The Play of Mirrors

[ Latin American Studies ]

The Play of Mirrors

The Representation of Self Mirrored in the Other

By Sylvia Caiuby Novaes

Focusing on the Bororo people of west-central Brazil, this book addresses the construction of self-identity through interethnic interaction.

1997

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Paperback

6 x 9 | 199 pp.

ISBN: 978-0-292-71196-9

Focusing on the Bororo people of west-central Brazil, this book addresses the construction of self-identity through interethnic interaction. By presenting the images the Bororo have of themselves as well as the images of others who have interacted with them, Brazilian anthropologist Sylvia Caiuby Novaes argues convincingly that Bororo self-images are constructed with the aid of a peculiar looking-glass—it is in the images of others that they see themselves.

Incorporating contributions from psychology, psychoanalysis, linguistics, and semiotics, Play of Mirrors focuses on symbols, images, discourse, and meanings rather than solely on the problem of acculturation. It thus reflects the thinking of a new generation of Brazilian anthropologists who have shifted their focus from native communities as isolated entities to an examination of their embeddedness within broader national and international arenas.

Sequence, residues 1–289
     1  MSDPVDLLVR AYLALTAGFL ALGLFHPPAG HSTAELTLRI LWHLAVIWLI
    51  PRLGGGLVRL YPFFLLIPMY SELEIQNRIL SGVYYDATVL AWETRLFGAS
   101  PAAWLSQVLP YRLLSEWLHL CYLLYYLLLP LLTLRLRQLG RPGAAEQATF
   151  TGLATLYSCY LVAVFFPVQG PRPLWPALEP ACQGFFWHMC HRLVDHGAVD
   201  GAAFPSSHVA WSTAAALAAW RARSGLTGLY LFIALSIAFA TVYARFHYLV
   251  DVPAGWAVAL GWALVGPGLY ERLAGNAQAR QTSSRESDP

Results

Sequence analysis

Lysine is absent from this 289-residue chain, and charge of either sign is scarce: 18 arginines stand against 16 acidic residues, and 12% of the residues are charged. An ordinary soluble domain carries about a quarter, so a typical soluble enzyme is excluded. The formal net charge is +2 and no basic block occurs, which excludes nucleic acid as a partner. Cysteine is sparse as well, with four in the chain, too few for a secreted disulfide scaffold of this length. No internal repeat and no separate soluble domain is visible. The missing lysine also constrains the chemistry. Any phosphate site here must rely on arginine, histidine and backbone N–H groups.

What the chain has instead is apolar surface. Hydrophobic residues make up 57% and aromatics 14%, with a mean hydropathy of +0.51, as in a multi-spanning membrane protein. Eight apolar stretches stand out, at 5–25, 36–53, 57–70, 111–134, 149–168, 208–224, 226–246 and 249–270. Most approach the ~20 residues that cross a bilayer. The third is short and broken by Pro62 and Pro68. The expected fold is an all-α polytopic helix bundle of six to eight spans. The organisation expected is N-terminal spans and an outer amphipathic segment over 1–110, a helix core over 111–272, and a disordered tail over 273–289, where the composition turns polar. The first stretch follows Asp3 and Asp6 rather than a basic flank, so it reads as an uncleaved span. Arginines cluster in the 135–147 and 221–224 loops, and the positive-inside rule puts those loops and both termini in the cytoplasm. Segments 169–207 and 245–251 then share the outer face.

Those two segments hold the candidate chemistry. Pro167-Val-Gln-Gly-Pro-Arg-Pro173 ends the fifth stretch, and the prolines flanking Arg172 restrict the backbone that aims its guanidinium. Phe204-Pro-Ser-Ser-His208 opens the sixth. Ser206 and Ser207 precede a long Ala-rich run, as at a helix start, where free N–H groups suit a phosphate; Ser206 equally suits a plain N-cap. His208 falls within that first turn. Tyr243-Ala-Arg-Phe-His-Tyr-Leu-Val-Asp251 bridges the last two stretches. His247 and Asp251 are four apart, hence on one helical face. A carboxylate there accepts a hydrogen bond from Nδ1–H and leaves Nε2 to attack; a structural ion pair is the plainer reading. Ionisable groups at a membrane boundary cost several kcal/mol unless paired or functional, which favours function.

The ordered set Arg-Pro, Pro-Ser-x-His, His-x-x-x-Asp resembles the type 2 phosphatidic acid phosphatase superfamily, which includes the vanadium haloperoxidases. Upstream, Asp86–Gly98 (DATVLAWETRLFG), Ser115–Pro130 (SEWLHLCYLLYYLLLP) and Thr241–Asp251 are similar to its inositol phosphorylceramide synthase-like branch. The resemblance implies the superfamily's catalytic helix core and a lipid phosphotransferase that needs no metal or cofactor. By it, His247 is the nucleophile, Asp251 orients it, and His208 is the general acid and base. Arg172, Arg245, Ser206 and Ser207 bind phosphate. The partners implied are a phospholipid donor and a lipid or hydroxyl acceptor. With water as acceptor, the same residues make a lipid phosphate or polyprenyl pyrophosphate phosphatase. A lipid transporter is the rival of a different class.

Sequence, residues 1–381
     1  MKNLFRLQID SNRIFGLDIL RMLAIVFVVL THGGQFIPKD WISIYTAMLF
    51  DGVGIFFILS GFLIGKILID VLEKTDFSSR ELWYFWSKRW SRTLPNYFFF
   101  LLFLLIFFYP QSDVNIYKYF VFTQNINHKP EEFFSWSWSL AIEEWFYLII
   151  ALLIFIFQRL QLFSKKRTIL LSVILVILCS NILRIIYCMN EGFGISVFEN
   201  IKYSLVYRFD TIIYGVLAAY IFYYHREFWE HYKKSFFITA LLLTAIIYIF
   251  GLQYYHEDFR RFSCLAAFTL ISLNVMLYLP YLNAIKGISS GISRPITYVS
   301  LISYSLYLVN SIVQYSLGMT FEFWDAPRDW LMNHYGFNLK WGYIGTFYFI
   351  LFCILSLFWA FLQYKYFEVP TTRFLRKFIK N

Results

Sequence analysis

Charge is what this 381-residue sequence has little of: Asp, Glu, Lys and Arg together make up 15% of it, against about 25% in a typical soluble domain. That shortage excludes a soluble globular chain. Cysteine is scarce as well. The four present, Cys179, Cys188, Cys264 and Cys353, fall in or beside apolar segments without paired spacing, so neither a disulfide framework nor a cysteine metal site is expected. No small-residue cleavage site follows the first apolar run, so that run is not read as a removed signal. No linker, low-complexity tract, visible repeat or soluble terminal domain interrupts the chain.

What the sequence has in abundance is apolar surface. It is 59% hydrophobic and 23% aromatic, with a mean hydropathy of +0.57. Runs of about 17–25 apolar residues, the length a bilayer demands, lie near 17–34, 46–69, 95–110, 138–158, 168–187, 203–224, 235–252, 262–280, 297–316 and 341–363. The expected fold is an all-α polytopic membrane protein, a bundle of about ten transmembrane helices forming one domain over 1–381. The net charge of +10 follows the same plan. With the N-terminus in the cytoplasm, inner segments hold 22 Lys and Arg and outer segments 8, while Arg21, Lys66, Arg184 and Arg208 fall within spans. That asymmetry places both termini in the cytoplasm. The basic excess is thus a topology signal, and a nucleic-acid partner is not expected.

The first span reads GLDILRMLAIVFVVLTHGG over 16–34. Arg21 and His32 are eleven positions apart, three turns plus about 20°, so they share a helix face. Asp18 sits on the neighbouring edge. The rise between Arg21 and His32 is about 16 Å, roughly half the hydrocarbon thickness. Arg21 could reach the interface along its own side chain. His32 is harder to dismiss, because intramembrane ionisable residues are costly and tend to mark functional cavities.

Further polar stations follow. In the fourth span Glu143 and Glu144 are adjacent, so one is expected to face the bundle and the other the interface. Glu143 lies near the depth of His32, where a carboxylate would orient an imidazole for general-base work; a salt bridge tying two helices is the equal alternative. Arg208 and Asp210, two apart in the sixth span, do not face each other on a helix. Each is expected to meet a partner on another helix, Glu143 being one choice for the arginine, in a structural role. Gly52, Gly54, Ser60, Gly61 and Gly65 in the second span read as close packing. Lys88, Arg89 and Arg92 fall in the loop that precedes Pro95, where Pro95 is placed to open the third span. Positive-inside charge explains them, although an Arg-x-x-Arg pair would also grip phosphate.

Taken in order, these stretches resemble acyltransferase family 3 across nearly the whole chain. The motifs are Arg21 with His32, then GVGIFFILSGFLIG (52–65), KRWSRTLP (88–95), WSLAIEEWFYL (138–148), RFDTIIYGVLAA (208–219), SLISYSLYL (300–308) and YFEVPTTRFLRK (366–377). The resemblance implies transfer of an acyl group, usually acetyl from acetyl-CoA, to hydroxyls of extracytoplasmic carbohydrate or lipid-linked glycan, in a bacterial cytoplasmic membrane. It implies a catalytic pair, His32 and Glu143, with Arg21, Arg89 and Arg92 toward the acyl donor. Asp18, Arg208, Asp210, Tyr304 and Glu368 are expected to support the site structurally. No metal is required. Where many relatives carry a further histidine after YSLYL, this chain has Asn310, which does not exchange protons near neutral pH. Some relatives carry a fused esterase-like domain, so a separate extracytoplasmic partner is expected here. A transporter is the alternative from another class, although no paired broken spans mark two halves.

Preface
Acknowledgments
1. Contemporary Anthropology and Studies of Identity and Social Change
2. Identity in the Broad Sense: The Other as Model
3. Literature as Mirror: Different Views of Social Change in Bororo Society
4. Self-Image as Formed in the Play of Mirrors: Structural Distance and Reference Values
5. The Salesian Missions in Mato Grosso
6. The Salesians and the Progressive Church: The Reshaping of an Image
7. Missionaries and Indians: Identification Created through Martyrdom
Notes
Bibliography
Index

Author Sylvia Caiuby Novaes is Professor of Anthropology at the Universidade de São Paulo and has conducted field research among Brazilian Indians for more than twenty years. Izabel Murat Burbridge is a freelance translator in São Paulo.

"This book has something for nearly everybody. It is an excellent introduction . . . into the complex reality of indigenous culture and the politics of indigenous struggles for cultural and social survival in contemporary Brazil."

—Terence Turner, University of Chicago